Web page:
Business Book Series: Who’s Got the Time?


Need to learn strategies for time management?  Read on for some tips!



It’s me again with another pair of productivity self-help books to examine. This week, I’m putting two books next to each other that have to do with squeezing the most out of your time.


Book 1: 168 Hours: You Have More Time Than You Think by Laura Vanderkam


About the Author: Laura Vanderkam is an author and speaker who has built her career around expertise in work-life balance and time management. She has several books around these topics, including more recent titles like I Know How She Does It and Off the Clock.


Book Synopsis: 168 Hours gets its title from the amount of time we each have in a week. Vanderkam believes that measuring our lives in this increment — rather than, say, 24 hours in a day or 8 hours in a work shift — gives us a better chance at finding some real balance. She also makes the argument (repeatedly) that we “have more time than we think” and that 168 hours is “plenty” to achieve all of our goals.


She makes the case for this assertion by digging through data of time use surveys of many successful people and then extracting their habits as advice the more frazzled of us can apply to our own circumstances.  


Photo by Jon Tyson on Unsplash


Why I Read It: Time is my biggest hurdle. I always feel like it’s running out on me. I will wake up in the morning already feeling like the day isn’t long enough to fit in everything I want to do. I feel like there’s a race going on where I missed the starting gun, and I’m always trying to catch up. This book seemed like a possible solution — or at least some insight.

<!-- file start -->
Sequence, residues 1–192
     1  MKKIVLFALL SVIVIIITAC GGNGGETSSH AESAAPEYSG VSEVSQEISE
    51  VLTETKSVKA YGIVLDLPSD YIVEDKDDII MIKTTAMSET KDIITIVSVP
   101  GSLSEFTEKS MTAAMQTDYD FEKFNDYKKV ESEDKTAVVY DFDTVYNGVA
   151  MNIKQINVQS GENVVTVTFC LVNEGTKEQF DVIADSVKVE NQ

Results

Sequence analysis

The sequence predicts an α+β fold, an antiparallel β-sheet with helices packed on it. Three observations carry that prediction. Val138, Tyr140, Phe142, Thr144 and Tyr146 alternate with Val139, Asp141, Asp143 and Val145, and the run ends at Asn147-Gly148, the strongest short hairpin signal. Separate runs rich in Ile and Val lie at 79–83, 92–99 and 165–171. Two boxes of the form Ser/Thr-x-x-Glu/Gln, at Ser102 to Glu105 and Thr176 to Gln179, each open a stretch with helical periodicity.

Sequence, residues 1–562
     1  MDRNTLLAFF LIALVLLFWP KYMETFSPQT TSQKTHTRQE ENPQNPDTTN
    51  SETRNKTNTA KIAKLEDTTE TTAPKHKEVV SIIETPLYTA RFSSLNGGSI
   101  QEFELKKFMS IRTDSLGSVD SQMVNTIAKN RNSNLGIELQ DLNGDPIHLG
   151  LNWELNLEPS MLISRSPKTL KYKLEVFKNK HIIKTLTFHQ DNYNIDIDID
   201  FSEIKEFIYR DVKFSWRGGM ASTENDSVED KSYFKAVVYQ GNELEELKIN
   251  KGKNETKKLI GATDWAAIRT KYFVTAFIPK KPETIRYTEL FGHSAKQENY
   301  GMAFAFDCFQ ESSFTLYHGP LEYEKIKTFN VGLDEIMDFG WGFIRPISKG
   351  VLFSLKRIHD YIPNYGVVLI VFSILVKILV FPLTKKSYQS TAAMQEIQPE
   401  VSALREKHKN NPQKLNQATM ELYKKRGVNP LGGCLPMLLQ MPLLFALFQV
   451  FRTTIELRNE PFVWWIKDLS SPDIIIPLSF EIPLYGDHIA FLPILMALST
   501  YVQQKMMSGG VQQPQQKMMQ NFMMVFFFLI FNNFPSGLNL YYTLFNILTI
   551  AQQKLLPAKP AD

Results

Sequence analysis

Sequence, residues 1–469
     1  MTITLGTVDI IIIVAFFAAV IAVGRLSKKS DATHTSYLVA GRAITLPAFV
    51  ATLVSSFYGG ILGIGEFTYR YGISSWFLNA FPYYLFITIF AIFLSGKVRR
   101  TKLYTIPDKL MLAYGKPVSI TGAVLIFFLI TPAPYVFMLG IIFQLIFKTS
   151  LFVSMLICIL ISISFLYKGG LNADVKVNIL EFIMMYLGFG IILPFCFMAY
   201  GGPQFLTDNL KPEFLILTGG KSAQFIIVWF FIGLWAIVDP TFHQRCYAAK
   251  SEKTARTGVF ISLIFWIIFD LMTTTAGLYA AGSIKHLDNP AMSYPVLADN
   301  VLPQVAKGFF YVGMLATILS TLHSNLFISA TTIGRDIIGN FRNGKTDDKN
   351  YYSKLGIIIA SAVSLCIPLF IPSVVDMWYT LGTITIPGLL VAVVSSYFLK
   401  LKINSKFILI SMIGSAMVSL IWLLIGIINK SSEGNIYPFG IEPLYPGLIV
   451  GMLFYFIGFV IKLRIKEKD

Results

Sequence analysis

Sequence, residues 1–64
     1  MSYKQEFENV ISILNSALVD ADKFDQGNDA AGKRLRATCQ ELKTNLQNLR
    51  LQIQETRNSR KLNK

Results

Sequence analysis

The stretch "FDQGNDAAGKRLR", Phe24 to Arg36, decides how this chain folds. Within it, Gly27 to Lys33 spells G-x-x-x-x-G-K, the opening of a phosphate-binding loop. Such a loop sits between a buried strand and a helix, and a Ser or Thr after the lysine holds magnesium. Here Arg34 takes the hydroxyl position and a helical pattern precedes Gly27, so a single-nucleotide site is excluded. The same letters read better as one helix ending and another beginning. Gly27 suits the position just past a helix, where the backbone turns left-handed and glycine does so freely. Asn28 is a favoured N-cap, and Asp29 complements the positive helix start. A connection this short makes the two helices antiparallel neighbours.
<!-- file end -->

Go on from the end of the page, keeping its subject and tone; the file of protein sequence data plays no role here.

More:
Key Takeaways: This book was just so-so for me. There are some legitimately helpful and immediately applicable tips. Here are some of the ones that stuck with me:


  • If you don’t plan out what you want to do, time will slip away from you, and you may end up resenting it. The most efficient thing is to plan everything — even your leisure time.
  • Figure out your big goals (even the ones that feel too big to achieve) and then break down the steps it would take to get there. If all you ever look at is the mountain peak, you won’t learn how to climb.
  • Small scraps of time are still valuable. Have a list of those small steps that will help you achieve your ultimate goals (personal, professional, family, whatever). Some of them can be done even in 20-minute (or even 10-minute) blocks. Take advantage of time when it appears!


At the same time, I was frustrated with parts of this book. Vanderkam repeatedly says that we all have the same 168 hours, but she acts as if time is of the same quality no matter when it appears. I don’t know about you, but 60 uninterrupted minutes in the morning is way different than six ten-minute blocks at the end of the day when I’m exhausted.


There was a kind of “you’re just not trying hard enough” gloss to this book that irked me and ignored very real disparities in people’s lives and requirements on their time. Someone who spends all day doing hard physical labor with no breaks is going to have a different experience of their nightly “free time” than someone who was able to meditate at lunch and sit down when their back hurts, you know?


How it Helped Me: There were real, applicable tips about how to think about time that are valuable and useful.  


Who Should Read It: Someone who feels like their days just get away from them, and they’re not sure where the time went.